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The Pentium Guy

Hardware Vertex Processing - Does my computer support it?

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I have a computer with a 9800Pro, which is great and supports hardware vertex processing. But then again, I'm doign some "beta" testing and came to the conclusion that this HP doesn't support hardware vertex processing.... Half the things that I do require hardware vertex processing, and this computer makes me use software veretx processing, dropping my frames per second from 500 to 6 (this is rendering an animated mesh, heightmap and skybox). Is this a common problem? Computers with integrated graphics require software vertex processing? See the reason I'm asking is, I went to dxdiag -> Display -> Test Direct3D and it said it supported "Direct3D 9 Hardware Accellerated Devices." But how come my application doesn't work with Hardware? This computer's only a year old. The computer next to me (another HP) is about 2 months old, has integrated graphics, and STILL doesn't work with hardware. Just that one change from Hardware to Software makes it work. Can anyone explain if I'm doing something wrong? dxDiag indicates that Hardware works, but my applicaiton won't work with Hardware, I have to use Software vertex processing. Thanks, -The Pentium Guy

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I guess it really depends on your program. To my understanding (which could be incorrect) Hardware Vertex Processing basically means that the video card can do TnL in hardware. It doesn't necessarily mean that it can do any sort of pixel/vertex shaders in hardware.

Integrated graphics generally take the load that would have gone to the video card and dump it onto the CPU. This means it is slow.

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Well for some reason my mesh animation doesn't work with software vertex processing. If I choose not to render the mesh it works fine.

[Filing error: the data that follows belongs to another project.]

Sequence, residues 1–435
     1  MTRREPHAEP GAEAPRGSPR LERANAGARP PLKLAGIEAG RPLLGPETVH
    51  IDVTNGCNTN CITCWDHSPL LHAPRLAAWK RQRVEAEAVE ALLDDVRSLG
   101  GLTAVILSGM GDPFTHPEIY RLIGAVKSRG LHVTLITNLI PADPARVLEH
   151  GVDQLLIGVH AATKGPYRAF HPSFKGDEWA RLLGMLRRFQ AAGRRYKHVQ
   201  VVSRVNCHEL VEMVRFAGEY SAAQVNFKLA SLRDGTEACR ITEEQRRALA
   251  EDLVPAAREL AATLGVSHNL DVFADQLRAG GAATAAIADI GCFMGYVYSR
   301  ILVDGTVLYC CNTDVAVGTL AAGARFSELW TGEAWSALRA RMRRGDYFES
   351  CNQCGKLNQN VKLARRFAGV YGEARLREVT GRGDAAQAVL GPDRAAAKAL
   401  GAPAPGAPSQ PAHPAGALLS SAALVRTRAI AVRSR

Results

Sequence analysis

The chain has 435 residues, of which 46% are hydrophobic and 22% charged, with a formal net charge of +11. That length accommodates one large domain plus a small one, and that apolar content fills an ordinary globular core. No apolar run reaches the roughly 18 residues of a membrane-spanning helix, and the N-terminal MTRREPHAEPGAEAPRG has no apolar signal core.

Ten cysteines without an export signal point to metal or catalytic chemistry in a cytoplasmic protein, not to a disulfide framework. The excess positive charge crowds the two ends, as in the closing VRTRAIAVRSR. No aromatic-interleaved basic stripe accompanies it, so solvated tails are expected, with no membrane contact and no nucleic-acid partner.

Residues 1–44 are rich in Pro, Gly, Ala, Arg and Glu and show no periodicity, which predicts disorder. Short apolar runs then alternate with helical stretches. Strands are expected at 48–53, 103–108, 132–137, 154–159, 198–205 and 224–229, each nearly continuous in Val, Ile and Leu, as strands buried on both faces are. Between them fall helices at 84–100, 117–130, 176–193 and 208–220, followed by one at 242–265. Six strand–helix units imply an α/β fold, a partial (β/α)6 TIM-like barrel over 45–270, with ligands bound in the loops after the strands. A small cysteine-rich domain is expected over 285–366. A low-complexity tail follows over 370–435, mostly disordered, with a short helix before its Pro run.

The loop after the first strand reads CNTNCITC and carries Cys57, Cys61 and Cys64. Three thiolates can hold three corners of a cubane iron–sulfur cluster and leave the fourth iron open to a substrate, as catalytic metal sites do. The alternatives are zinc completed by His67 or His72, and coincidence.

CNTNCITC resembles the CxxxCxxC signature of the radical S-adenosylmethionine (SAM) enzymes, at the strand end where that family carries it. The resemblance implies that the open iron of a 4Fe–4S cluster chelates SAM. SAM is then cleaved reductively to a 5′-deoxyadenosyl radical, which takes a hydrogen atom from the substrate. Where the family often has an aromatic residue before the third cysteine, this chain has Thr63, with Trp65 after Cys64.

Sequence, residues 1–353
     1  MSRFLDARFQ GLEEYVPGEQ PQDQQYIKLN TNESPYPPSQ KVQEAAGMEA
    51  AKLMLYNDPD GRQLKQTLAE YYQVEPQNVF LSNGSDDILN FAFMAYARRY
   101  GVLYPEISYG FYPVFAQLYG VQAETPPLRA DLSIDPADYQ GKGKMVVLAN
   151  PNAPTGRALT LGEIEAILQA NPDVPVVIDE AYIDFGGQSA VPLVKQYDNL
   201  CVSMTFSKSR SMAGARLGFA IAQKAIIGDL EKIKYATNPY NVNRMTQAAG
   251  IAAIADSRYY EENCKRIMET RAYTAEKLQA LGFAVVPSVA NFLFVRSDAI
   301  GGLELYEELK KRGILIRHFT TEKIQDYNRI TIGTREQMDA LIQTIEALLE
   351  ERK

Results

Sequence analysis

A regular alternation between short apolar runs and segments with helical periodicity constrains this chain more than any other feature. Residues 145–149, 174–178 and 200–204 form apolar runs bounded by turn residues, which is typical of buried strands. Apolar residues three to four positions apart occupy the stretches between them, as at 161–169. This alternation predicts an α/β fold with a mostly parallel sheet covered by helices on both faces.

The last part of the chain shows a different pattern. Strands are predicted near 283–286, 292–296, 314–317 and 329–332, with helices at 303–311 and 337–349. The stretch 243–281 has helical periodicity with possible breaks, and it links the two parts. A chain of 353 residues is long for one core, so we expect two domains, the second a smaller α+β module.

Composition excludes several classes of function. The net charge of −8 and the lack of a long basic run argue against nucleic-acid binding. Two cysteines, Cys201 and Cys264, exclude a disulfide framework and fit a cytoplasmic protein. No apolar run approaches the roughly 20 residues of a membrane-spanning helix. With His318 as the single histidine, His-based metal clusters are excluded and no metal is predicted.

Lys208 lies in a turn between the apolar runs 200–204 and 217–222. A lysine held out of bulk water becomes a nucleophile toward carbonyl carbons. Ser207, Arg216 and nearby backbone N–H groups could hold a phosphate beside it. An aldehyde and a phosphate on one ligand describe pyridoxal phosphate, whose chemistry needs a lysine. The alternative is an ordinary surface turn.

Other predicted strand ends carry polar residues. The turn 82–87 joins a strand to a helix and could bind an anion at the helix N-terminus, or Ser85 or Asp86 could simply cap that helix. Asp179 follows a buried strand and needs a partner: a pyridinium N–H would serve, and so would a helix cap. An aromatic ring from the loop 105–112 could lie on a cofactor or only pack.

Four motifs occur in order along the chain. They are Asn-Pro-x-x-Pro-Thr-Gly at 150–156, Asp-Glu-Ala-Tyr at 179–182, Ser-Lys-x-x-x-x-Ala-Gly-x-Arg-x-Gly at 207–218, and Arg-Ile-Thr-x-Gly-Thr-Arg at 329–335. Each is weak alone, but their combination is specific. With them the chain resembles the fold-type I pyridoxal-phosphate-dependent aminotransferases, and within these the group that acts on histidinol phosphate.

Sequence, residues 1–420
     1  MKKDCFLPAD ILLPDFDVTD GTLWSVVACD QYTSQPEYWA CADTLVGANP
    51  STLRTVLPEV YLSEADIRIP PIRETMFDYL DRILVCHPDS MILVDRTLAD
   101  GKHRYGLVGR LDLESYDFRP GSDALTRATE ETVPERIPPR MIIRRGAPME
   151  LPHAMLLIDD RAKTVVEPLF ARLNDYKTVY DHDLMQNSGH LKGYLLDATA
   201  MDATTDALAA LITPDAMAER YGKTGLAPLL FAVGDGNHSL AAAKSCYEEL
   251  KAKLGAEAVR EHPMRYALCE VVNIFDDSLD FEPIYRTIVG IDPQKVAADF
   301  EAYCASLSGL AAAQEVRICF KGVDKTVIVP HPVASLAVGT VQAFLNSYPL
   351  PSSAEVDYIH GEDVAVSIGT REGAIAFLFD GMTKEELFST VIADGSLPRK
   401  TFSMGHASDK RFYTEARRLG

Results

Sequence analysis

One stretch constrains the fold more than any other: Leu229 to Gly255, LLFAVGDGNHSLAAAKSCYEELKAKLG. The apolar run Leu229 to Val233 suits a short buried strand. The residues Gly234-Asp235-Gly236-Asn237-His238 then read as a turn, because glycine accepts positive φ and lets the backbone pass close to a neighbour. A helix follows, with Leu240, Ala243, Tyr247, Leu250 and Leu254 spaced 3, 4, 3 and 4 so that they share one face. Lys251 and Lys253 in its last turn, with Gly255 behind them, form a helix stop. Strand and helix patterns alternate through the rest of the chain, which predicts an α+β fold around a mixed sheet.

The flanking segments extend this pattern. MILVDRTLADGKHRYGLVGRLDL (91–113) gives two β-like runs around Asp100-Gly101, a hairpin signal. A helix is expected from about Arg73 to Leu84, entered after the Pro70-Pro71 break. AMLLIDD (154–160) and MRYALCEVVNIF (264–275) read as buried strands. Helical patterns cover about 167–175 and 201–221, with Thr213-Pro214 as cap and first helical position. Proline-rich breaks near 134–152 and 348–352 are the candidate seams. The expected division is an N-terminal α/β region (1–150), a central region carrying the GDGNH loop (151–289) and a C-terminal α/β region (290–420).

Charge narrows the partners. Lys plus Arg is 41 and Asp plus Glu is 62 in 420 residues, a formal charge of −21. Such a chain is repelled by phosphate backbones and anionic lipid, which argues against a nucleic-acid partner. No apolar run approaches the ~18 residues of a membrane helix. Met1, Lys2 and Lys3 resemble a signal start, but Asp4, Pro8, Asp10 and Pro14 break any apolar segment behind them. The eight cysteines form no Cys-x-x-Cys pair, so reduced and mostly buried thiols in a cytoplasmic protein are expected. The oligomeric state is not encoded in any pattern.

I just did a test with DevCaps and apparently my device doesn't support HardwareTransformAndLight and PureDevice.

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You must be having some driver issues. Your 9800 Pro should definitely support D3DDEVCAPS_HWTRANSFORMANDLIGHT and D3DDEVCAPS_PUREDEVICE. My 9800 Pro does.

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Quote:
Original post by KrazeIke
Oh, sorry. It's perfectly normal for an integrated graphics solution not to support that.


Oh. That's the answer I was looking for.

Then I guess it's time to horribly optimize this game. 6 fps is always a bad thing. (but then again this is a Celeron 1.2 ghz). I get around 36 on the other Celeron 2.6 ghz..... and again this is just a heightmap and animated mesh (which doesn't even work on software).

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Just make sure the game isn't dropping to the REF device, as that's a very slow, developer only, debugging tool. Any person just running DirectX, not the SDK, won't have the REF device. A HAL device with software vertex processing shouldn't cause too much of a slow-down. Check the control panel to see if you're running DirectX in retail or debug mode. Debug mode does lots of checking, especially in software processing, which can bring your game to a crawl. It's great for tracking down bugs, getting warnings, etc, but it can take a game from playable speed to slideshow.

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It's not REF because it works on this (integrated graphics without SDK) computer.

*Sighs* - If only software vertex processing didn't cause that annoying bug with mesh animation, I really wouldn't care :). Took me forever to do mesh animation but once I get it working I realize it doesn't work with Software Vertex Processing. Great :). The pains of being a developer.

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Actually, I figured it out.

On SoftwareVertexProcessing, right after you render your animated mesh you have to set the dxDevice.RenderState.VertexBlend back to 0. On HardwareVertexProcessing it really doens't matter, but I think it's better practice to reset it back to 0.

Hopes that helps people,
-The Pentium GUy

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